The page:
Though there are some differences in the attitudes to money expressed in the Old Testament and the New Testament, a general position of the Bible on wealth-seeking is clearly stated in both of them. Attempts to profit in the material world are proclaimed foolish and even sinful. Only the one who seeks to attain spiritual richness can be regarded as a righteous person. Seeking material prosperity is considered a hindrance to salvation.
Different views on the compatibility of Christianity with wealth-seeking
Most Christians view craving for riches as a hindrance to faith. This position is supported by the Scriptures and the experience of the Christian community (Miller 3). Official representatives of all main branches of Christianity often emphasize the danger of material temptations. Wealth ambition is presented as incompatible with salvation. The person who is craving for wealth serves money, and cannot serve God in the appropriate way. The Christian tradition honors asceticism and modesty of economic ambitions.
The approvals of this position can be found in the biographies of Christian saints, who demonstrated examples of righteous life on the Earth. Both Orthodox and Catholic Churches honor the saints as God’s elects. Therefore, their way of living can be regarded as the most compatible with Christian faith.
The analysis of their lives reveals the most common features possessed by most saints: indifference to wealth, a disposition to the renunciation of own material possessions, and denunciation of economic ambition. Mother Teresa is one of the most popular Catholic saints, loved and praised all over the world. Her life was an example of the absence of economic ambition as she lived under a vow of poverty (“Mother Teresa Biography” par. 8).
She presented a proof of the importance of seeking eternal riches instead of material ones. Seraphim of Sarov, one of the most respected saints of the Orthodox tradition, led a wholly ascetic life of a monk, though he was popular among people even during his lifetime (Mileant par. 3). Both Mother Teresa and Seraphim of Sarov did not take attempts to gain wealth. It demonstrates a common tendency in Christianity of praising those who does not have any economic ambition, in contrast to condemning those who strive for material riches.
However, there is also an opinion, shared by some followers of Christianity, which views striving for wealth as a natural outcome of faith and almost a duty of a faithful person. The adherents of this position, mostly Protestants, usually regard material success as a gift given by God to the chosen ones. They consider wealth a sign of God’s providence. This point of view states that giving material blessings on the faithful ones during their life in this world is one of God’s priorities (Biema and Chu par. 2).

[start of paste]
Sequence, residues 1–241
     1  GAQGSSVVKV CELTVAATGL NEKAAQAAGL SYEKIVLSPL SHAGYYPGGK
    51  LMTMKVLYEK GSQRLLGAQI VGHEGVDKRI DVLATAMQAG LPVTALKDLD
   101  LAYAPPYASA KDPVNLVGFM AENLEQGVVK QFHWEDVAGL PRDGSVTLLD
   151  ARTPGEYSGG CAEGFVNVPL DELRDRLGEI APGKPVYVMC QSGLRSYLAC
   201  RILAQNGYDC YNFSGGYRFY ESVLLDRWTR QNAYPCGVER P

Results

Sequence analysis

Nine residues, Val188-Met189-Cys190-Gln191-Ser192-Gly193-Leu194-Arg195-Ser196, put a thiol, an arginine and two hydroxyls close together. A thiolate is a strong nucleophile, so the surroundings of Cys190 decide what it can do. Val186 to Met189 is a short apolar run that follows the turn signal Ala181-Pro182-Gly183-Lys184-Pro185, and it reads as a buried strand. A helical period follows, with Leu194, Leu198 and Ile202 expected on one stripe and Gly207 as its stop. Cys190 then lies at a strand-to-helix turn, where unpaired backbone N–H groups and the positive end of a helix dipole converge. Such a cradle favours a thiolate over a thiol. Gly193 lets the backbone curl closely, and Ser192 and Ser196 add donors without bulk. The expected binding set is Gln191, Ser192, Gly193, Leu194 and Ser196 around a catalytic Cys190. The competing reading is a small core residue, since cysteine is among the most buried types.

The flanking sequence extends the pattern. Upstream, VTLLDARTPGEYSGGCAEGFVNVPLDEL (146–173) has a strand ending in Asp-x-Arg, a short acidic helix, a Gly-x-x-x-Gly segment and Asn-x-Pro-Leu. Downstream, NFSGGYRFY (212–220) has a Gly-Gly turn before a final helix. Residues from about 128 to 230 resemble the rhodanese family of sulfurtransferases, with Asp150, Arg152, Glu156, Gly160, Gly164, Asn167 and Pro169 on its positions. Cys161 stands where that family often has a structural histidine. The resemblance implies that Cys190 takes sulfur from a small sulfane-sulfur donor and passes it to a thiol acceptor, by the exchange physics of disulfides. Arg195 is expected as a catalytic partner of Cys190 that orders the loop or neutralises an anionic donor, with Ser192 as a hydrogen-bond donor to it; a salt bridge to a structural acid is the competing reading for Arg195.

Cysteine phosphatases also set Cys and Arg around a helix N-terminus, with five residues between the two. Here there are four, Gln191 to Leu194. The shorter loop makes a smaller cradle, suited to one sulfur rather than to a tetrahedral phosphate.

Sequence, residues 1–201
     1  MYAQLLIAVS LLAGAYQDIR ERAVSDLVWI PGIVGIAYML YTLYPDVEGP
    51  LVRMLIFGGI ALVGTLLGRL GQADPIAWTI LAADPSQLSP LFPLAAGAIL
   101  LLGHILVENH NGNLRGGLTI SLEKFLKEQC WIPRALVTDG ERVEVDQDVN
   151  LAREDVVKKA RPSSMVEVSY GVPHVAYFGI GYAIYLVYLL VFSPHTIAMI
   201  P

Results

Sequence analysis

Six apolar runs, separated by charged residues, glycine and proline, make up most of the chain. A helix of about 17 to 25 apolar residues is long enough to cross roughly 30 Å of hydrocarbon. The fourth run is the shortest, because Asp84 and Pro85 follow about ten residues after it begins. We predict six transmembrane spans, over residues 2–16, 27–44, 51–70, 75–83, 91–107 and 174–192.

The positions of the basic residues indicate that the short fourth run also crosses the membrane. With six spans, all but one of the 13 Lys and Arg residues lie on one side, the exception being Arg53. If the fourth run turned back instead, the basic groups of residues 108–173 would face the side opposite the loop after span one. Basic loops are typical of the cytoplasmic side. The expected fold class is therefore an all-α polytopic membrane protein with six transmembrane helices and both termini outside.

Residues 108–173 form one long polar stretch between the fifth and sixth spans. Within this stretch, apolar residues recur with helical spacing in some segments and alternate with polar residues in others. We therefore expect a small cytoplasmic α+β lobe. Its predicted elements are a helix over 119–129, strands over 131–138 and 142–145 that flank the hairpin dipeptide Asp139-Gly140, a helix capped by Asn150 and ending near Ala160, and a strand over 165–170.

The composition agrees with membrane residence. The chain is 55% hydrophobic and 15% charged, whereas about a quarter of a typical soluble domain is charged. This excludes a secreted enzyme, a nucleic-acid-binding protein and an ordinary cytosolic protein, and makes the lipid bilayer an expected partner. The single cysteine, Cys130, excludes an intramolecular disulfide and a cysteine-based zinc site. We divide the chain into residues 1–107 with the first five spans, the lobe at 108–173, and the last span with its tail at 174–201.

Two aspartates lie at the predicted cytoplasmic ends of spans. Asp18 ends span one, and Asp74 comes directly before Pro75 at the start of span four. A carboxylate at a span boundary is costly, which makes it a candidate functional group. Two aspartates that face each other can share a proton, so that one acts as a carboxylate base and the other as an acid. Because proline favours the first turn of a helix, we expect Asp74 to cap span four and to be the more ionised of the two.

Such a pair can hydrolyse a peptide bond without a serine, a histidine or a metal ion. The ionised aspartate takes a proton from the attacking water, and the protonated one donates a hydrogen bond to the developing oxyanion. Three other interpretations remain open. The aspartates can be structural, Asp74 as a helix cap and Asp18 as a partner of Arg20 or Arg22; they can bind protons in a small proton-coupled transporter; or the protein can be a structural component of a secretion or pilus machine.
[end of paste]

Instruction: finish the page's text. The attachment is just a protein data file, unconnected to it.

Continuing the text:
This position, however, contradicts the main concepts of Christianity and the Bible itself. Jesus noticed that righteous people seek richness in eternal life, not in the temporal one. Christianity is based on the belief that earthly paradise, associated with material prosperity, is only the dust. Therefore, the concept of wealth seeking as an outcome of faith does not have an appropriate theological and experiential ground.
The attitude of Islam to wealth-seeking
Main features of the religion
Islam is one of the world’s largest religions. It is monotheistic and Abrahamic. The number of its followers reaches nearly 1, 5 billion people. Islam originated in the seventh century based on Muhammad’s preaching. Islam considers Moses and Jesus to be the prophets of God. Muhammad is proclaimed the last prophet sent to this world by God. The followers of Islam are called Muslims. The main Holy Book of Islam is the Quran, God’s final revelation. The largest branches of Islam are Sunni and Shia.
The Quran reveals the basics of the Islamic faith. Allah is believed to be the one and only God. Allah has created this universe. His entity cannot be understood by humans. Muslims believe in the trueness of the prophets’ teachings, recognizing Muhammad as the main messenger to humanity. They believe in the day of resurrection when all good and bad acts of people will be judged.
Attitudes to the wealth-seeking expressed in the Quran
Different communities inside the Islamic world express different opinions on money issues. It leads to a big variety of attitudes to money and economic ambition. Islam is inseparable with the Quran. The most appropriate way of exploring the true position of Islam on wealth-seeking is studying the Holy Quran. It can give a clear understanding of the compatibility of attempts to attain material prosperity with salvation in Islam.
While passages presenting wealth as a bad thing and poverty as a sign of virtue can be found in the Bible, the Quran does not support the same beliefs. In this scripture, wealth is not regarded as an obstacle to salvation. Therefore, there is no proof of the notion that wealth seeking is a sin and is incompatible with deep faith. The Bible condemns striving for wealth while the Quran gives direct instructions on upright and fair gathering of material riches.
Wealth-seeking is regarded as a natural human aspiration, as Allah created it to support people: “Do not give the immature your money which God has assigned to you for support” (Quran in English. Clear and Easy to Read, Women par. 5). However, the danger of exaggerated yearning for richness is stressed: “And you love wealth with immense love” (The Dawn par. 20).
People should not fall into the temptation of attaining too much wealth as it results in poor faith. The Quran does not blame humans for striving for material prosperity. It emphasizes the importance of the righteousness of the actions taken to attain wealth : “And do not consume one another’s wealth by unjust means, nor offer it as bribes to the officials in order to consume part of other people’s wealth illicitly, while you know” (The Heifer par. 188).